Acoustic Neuroma

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What is neurinoma of the acoustic nerve?

Acoustic neurinoma, also known as vestibular schwannoma, is a benign form of brain tumour originating from Schwann cells with symptoms that include unilateral sensorineural hearing loss.

Symptoms of acoustic neurinoma

Acoustic neurinoma, also referred to as vestibular schwannoma due to its location, is a non-cancerous tumor that forms on the vestibulo-cochlear nerve, more precisely the eighth cranial nerve. It primarily affects Schwann cells, which play a crucial role in forming myelin – a substance that envelops nerves, facilitating the transmission of electrical stimuli.

The presence of this tumor can lead to significant issues, primarily due to its location, as it exerts pressure on the auditory nerve and neighboring structures, resulting in debilitating disorders.

Given its specific location, acoustic neurinoma triggers symptoms related to auditory functions. These symptoms can vary in intensity, contingent on the tumor's size and growth. In its early stages, it often manifests as hearing disorders, including gradual one-sided hearing loss, tinnitus, vertigo and difficulties in maintaining balance.

As the tumor expands, it may compress other nerves and tissues, giving rise to problems like impaired coordination of movements, weakness in facial muscles on one side, headaches, facial paresis, and even hydrocephalus – the blockage of cerebrospinal fluid circulation.

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Diagnosis and causes of acoustic neurinoma

The diagnosis of acoustic neurinoma is not simple and immediate. This is due to the tumor's slow growth rate, which typically advances at an average pace of 1-2 millimeters per year without a distinct pattern.

During the initial phase, the symptoms of the condition may be mistaken for other disorders, such as labyrinthitis or Ménière's disease, among others. To pinpoint and confirm the presence of an acoustic neurinoma, a combination of diagnostic tools are neccessary, including but not limited to, an MRI scan, a CT scan and an audiometric examination to quantify the hearing loss and check the functionality of the facial muscles.

The causes of vestibular schwannoma are still not completely clear. Experts agree that there is a genetic component, but the genes responsible have not yet been identified. Only for a small percentage of patients acoustic neuroma can be traced back to neurofibromatosis type 2, a rare hereditary disease caused by a mutation in chromosome 22. This disease causes the development of benign tumours on nerves, frequently on spinal and cranial nerves. If the neurinoma of the acoustic nerve is caused by neurofibromatosis type 2, the acoustic-type symptoms are bilateral, i.e. they occur on both sides.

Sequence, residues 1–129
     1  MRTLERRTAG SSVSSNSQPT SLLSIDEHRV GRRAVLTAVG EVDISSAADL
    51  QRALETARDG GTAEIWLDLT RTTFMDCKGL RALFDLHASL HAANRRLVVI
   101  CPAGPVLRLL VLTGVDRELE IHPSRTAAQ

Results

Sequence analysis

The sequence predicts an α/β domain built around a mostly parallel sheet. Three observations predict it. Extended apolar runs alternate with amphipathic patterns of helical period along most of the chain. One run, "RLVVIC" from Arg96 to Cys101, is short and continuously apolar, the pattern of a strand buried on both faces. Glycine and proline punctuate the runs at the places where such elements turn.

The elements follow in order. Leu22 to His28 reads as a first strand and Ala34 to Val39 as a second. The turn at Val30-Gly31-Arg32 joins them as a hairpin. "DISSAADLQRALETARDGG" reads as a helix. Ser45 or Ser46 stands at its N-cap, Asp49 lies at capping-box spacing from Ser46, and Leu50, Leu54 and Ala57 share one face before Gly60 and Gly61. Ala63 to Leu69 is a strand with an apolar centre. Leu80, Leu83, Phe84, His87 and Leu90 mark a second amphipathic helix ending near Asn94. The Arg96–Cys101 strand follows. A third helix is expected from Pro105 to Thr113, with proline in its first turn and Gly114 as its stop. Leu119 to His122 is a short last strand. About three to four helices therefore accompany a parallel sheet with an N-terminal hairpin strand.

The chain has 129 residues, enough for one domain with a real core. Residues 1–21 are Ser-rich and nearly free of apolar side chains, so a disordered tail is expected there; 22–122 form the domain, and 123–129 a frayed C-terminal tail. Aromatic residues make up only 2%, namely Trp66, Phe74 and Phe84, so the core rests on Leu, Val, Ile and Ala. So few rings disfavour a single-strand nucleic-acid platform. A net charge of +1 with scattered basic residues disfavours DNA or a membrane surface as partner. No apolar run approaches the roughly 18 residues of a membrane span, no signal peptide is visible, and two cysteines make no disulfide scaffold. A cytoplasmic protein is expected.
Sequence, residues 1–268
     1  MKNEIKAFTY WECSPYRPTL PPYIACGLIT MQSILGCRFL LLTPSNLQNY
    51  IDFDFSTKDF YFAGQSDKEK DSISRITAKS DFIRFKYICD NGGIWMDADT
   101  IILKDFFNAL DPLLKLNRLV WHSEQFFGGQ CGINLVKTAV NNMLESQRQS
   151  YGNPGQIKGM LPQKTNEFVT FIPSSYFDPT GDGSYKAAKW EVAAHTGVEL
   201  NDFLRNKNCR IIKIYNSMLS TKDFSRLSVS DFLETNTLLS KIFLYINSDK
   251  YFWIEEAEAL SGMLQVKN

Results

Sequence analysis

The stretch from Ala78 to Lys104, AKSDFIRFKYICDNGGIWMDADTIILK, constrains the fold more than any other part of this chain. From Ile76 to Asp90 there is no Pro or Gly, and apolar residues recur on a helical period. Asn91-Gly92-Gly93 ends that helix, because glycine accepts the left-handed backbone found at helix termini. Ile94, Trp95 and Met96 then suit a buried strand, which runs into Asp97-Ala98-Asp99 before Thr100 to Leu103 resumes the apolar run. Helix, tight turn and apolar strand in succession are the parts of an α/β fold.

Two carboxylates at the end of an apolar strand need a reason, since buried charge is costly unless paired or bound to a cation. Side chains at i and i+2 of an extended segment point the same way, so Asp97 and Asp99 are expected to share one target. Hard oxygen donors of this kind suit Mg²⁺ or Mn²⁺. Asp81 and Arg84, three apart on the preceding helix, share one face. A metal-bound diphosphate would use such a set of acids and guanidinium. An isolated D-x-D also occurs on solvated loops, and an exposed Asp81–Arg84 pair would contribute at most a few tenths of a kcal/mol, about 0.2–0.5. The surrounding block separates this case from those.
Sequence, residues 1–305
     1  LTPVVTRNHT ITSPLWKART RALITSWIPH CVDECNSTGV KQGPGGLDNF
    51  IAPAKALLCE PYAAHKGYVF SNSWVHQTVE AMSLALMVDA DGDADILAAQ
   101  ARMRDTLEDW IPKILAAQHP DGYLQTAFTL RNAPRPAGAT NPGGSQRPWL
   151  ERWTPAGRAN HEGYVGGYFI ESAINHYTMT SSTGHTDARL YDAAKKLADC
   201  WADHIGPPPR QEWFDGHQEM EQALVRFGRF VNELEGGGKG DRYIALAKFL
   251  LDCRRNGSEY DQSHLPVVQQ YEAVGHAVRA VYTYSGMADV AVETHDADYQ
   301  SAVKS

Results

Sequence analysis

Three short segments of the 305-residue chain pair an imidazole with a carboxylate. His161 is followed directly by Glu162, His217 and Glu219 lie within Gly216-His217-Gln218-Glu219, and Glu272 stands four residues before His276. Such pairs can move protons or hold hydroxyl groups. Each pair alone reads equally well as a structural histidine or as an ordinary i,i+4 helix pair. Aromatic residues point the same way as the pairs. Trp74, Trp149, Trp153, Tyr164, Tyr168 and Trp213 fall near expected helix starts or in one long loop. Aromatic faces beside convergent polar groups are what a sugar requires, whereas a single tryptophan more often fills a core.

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Surgery and post-operation

There are different therapeutic procedures for acoustic neurinoma. In cases where the tumor is very small and not causing distressing symptoms, or when it is a non-expansive neurinoma characterized by a slow growth rate, direct intervention may not be necessary. Instead, patients are placed under regular surveillance through periodic examinations to monitor the disease's progression.

On the other hand, if intervention is warranted, tumor removal can be achieved through surgical procedures or radiotherapy. The choice between these options is determined by a comprehensive evaluation, considering factors such as the patient's age, overall health, tumor size, location, and hearing function.

Surgical removal is typically conducted under general anesthesia. A craniotomy is performed, involving an incision in the cranial box, to access and remove the tumor. The feasibility of complete removal depends on the tumor's size and location. In cases where total removal is not achievable, radiosurgery may be considered as a subsequent treatmen

An alternative treatment method is stereotactic radiotherapy, which involves focused radiation to target the tumor. This approach is primarily employed when the acoustic neurinoma is located in areas that are difficult to reach or when the patient's condition prohibits traditional surgery. Stereotactic radiotherapy is typically performed under local anesthesia.

Both procedures involve risks and complications, especially related to injury to cranial nerves close to the auditory nerve or preservation of hearing function.

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